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Temporally controlled modulation of FGF/ERK signaling directs midbrain dopaminergic neural progenitor fate in mouse and human pluripotent stem cells

Jaeger, Ines, Arber, Charles, Risner-Janiczek, Jessica R., Kuechler, Judit, Pritzsche, Diana, Chen, I-Cheng, Naveenan, Thulasi, Ungless, Mark A. and Li, Meng ORCID: 2011. Temporally controlled modulation of FGF/ERK signaling directs midbrain dopaminergic neural progenitor fate in mouse and human pluripotent stem cells. Development 138 (20) , pp. 4363-4374. 10.1242/dev.066746

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Effective induction of midbrain-specific dopamine (mDA) neurons from stem cells is fundamental for realizing their potential in biomedical applications relevant to Parkinson’s disease. During early development, the Otx2-positive neural tissues are patterned anterior-posteriorly to form the forebrain and midbrain under the influence of extracellular signaling such as FGF and Wnt. In the mesencephalon, sonic hedgehog (Shh) specifies a ventral progenitor fate in the floor plate region that later gives rise to mDA neurons. In this study, we systematically investigated the temporal actions of FGF signaling in mDA neuron fate specification of mouse and human pluripotent stem cells and mouse induced pluripotent stem cells. We show that a brief blockade of FGF signaling on exit of the lineage-primed epiblast pluripotent state initiates an early induction of Lmx1a and Foxa2 in nascent neural progenitors. In addition to inducing ventral midbrain characteristics, the FGF signaling blockade during neural induction also directs a midbrain fate in the anterior-posterior axis by suppressing caudalization as well as forebrain induction, leading to the maintenance of midbrain Otx2. Following a period of endogenous FGF signaling, subsequent enhancement of FGF signaling by Fgf8, in combination with Shh, promotes mDA neurogenesis and restricts alternative fates. Thus, a stepwise control of FGF signaling during distinct stages of stem cell neural fate conversion is crucial for reliable and highly efficient production of functional, authentic midbrain-specific dopaminergic neurons. Importantly, we provide evidence that this novel, small-molecule-based strategy applies to both mouse and human pluripotent stem cells.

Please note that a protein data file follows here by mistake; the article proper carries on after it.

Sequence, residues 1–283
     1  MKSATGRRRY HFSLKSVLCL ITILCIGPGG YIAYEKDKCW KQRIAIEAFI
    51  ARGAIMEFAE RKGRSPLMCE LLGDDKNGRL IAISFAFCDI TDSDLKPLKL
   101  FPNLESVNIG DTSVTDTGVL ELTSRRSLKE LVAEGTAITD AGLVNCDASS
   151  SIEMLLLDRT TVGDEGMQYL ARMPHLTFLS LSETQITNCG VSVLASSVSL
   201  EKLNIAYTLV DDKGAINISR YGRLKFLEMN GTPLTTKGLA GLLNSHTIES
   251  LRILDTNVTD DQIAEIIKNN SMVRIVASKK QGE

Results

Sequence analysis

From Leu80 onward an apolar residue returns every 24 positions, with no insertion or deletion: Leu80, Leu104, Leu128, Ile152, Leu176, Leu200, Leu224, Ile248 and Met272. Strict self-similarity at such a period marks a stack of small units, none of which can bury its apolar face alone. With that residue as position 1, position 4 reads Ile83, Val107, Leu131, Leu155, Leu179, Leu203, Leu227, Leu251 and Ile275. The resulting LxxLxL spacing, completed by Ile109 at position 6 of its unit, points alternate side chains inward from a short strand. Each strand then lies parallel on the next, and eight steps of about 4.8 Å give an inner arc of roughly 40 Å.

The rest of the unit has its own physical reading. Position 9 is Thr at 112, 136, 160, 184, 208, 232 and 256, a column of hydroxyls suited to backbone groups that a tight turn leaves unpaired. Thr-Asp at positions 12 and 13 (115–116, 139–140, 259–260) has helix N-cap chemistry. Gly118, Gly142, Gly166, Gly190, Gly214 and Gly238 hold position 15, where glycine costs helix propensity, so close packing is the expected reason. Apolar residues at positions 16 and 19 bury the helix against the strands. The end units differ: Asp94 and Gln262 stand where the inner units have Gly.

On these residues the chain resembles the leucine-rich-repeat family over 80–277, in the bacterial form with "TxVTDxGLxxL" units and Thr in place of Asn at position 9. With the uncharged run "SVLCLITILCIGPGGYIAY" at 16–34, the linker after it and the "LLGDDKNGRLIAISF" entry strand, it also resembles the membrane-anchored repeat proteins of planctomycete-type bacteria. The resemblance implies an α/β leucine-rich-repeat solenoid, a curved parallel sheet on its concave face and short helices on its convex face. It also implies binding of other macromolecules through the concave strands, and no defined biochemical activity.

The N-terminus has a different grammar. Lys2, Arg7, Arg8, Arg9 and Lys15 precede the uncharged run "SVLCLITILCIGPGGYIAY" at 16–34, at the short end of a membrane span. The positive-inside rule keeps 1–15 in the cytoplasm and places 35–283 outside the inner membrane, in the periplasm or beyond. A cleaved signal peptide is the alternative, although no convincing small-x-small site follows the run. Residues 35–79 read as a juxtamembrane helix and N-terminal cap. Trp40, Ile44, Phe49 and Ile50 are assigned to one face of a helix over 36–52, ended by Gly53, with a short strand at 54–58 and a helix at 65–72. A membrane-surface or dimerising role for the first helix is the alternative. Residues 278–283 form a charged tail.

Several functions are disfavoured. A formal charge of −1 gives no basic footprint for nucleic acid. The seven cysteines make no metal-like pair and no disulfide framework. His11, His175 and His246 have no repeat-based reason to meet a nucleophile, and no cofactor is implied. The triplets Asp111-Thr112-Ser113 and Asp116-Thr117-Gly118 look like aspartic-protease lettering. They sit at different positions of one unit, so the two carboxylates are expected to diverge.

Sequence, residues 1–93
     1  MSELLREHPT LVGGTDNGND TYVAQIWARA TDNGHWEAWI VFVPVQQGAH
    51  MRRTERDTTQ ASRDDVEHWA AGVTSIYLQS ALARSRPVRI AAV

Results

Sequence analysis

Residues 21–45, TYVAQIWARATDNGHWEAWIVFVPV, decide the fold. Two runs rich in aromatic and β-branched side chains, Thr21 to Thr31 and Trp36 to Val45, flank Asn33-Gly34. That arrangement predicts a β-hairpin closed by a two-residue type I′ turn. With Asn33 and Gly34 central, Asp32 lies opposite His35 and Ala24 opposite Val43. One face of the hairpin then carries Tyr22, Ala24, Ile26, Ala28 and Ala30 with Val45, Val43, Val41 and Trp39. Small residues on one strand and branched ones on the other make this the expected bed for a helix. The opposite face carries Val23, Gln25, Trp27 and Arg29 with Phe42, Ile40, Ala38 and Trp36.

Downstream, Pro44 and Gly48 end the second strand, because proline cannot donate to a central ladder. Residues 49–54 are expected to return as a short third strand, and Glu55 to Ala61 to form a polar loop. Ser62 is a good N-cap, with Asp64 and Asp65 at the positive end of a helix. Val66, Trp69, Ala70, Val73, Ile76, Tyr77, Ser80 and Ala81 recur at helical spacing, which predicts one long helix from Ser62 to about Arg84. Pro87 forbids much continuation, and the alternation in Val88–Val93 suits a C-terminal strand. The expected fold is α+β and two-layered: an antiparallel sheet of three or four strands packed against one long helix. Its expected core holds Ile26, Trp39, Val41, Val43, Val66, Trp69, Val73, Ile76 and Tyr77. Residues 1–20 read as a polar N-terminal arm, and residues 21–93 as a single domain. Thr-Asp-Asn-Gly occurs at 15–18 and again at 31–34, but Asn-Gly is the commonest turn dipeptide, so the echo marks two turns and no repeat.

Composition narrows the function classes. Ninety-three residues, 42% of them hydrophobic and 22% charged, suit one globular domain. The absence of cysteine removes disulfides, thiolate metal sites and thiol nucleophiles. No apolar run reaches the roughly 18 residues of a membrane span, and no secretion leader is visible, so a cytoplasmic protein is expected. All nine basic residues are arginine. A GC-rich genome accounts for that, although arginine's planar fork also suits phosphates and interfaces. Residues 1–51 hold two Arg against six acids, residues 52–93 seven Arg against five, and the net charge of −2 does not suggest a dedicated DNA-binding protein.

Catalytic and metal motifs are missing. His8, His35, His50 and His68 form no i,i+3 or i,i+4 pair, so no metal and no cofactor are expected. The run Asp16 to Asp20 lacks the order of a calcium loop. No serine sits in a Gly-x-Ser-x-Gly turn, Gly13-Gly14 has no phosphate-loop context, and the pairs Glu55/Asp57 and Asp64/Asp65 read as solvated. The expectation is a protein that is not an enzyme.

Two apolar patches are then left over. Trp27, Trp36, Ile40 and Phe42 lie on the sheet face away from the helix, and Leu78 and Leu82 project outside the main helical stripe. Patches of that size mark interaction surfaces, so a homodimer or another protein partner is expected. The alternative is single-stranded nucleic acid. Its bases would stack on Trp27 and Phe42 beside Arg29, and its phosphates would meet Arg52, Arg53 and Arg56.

Item Type: Article
Date Type: Publication
Status: Published
Schools: Medicine
Subjects: Q Science > QH Natural history > QH426 Genetics
R Medicine > RC Internal medicine > RC0321 Neuroscience. Biological psychiatry. Neuropsychiatry
Uncontrolled Keywords: Pluripotent stem cell; Dopamine neuron; Cell fate; Mouse; Human
Publisher: The Company of Biologists Ltd
ISSN: 0950-1991
Last Modified: 24 Oct 2022 10:57

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